It is no longer news that the Ikeja Computer Village is the largest market place for information technology products in the whole of the West African sub-region. The place attracts shoppers from all parts of West Africa, especially the neighbouring and adjacent countries of Ghana, Togo and even the Benin Republic who come to do business there.
The computer Village has become so popular that it has been featured in top broadcasting networks around the world. The networks have continued to feature the market in documentaries. The British Broadcasting Commission (BBC), The Voice of America (VOA) and the Chinese State Television are some of the networks that have docu-series about the village.
Hence, the city of Ikeja has become synonymous with ICT products and it is the direction of choice for anyone or corporate organization in needs of an upgrade of their equipment. A lot of government ICT contractors even have outlets in the village. However, even as the place became increasingly popular with the attendant beehive of activities it attracted, it became a headache of some sort for Lagos State and its town planners. It has become very apparent that the present location which is sandwiched between Oba Akran Road and Simbiat Abiola way is unsustainable for the long term. Apart from the bottleneck it has created around that axis, it has become so limiting that it has been unable to expand further in the last few years. Hence, it is not living to its full potential.
This much has necessitated the Lagos State government to put in motion steps to relocate the village from its current location to a more expansive and hassle-free environment. This plan has been in the works for several years and has been punted by successive state governments until the current government of Governor Babajide Sanwo-Olu declared its intention to actualize the long-planned relocation. The plan was already getting into top gears until it was hampered by the coronavirus pandemic.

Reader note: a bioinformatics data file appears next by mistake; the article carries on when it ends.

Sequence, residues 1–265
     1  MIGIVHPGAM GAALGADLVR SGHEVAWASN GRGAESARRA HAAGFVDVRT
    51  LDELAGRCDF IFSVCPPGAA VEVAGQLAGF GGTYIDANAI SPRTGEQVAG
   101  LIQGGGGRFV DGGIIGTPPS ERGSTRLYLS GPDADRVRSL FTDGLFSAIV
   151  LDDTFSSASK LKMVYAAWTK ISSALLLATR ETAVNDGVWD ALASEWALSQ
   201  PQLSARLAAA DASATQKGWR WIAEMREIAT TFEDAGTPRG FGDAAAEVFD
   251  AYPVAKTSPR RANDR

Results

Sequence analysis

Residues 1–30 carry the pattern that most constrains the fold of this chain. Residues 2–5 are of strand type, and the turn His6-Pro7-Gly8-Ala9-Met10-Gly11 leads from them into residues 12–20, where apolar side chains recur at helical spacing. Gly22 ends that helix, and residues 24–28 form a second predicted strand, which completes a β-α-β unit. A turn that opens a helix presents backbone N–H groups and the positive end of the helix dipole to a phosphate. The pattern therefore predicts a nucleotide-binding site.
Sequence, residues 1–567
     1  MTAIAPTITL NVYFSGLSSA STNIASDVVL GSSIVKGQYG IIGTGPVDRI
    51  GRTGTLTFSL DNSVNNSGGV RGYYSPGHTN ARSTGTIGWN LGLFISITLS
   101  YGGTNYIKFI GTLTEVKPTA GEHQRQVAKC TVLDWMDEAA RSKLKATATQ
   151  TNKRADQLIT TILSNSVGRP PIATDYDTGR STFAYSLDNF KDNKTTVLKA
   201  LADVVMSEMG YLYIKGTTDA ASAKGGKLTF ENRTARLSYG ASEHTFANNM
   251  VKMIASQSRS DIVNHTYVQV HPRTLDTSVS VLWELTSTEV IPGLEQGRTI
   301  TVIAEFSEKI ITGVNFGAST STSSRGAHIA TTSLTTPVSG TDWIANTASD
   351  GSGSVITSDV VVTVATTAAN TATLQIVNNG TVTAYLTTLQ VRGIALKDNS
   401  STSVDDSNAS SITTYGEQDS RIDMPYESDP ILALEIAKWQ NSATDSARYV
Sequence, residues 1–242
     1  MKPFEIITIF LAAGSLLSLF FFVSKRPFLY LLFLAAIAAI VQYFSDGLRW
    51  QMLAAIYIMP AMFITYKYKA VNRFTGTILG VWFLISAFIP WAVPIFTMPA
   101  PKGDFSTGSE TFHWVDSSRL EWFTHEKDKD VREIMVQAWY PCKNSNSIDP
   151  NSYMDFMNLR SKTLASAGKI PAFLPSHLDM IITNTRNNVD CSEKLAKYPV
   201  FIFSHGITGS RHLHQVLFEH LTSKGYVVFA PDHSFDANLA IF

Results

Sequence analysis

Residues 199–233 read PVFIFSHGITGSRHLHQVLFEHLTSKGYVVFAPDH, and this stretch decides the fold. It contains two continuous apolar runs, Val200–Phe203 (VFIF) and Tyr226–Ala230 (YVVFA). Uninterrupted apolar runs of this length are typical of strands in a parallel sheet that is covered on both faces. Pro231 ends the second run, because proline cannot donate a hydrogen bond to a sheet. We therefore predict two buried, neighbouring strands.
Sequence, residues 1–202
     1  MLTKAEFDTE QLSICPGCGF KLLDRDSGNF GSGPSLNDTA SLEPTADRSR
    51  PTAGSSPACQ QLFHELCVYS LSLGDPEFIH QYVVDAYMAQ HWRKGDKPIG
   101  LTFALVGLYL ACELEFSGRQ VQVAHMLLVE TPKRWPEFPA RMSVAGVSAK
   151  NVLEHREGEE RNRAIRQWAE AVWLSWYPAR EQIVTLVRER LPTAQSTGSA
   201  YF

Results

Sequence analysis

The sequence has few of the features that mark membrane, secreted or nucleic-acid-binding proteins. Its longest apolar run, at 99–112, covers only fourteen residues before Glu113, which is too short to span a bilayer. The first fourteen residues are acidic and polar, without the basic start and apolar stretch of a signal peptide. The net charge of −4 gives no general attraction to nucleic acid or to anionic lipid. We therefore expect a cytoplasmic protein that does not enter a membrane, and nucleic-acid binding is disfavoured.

When the government the former governor of the state, Babatunde Fashola broached the idea more than a decade ago, different locations were tabled as options. These included somewhere along Lagos-Ibadan Expressway and the around Super Bus Stop at the Katangowa area along Abeokuta Expressway. After a passionate debate between government and stakeholders, Katangowa was finally selected as a result of its proximity to the current location and ease of access to Lagosians.
However, the plans have been stymied by less than stellar commitment by various governments at the helm of affairs in Lagos State In December 2019; the government of Sanwo-Olu commenced the process by approving the upgrade and new constructions at the new location. No government had gone that far in the past. This governor is determined to make it one of his signature achievements. In this fifth month of the year, the process would have gone very far if not this hand fate has dealt the whole world.
Meanwhile, dealers in the village are already getting set for the eventual relocation of the Village to Katagowa. Though a lot of them are anxious about what the change will portend for their business, they are nonetheless prepared to face it as it ultimately inevitable. It is just a matter of time and the governor is promising that it will happen in short order after this current crisis goes away.
The Ikeja Computer Village began from the current location in the early 90s as just a few shops selling computer products along one of the streets called Oremeji. At that point, it was largely a residential area. Little by little, other dealers in allied products continued to gravitate towards that vicinity and set up shops and it eventually expanded to the now very popular Otigba Street. Landlords around that area eventually discovered how lucrative it was to rent out their houses to computer products sellers and relocated from their own houses and rented them out as shops. It was so lucrative for the house owners that a lot of them instead became tenants around other parts of the town and converted their houses to shops and plazas to rent out. After the liberalization of the telecommunications sector in 2001, it was only natural that the sales of mobile phones and accessories took root at Ikeja Computer Village. Today, it is the number one port of call for anyone who needs a new phone or gadget.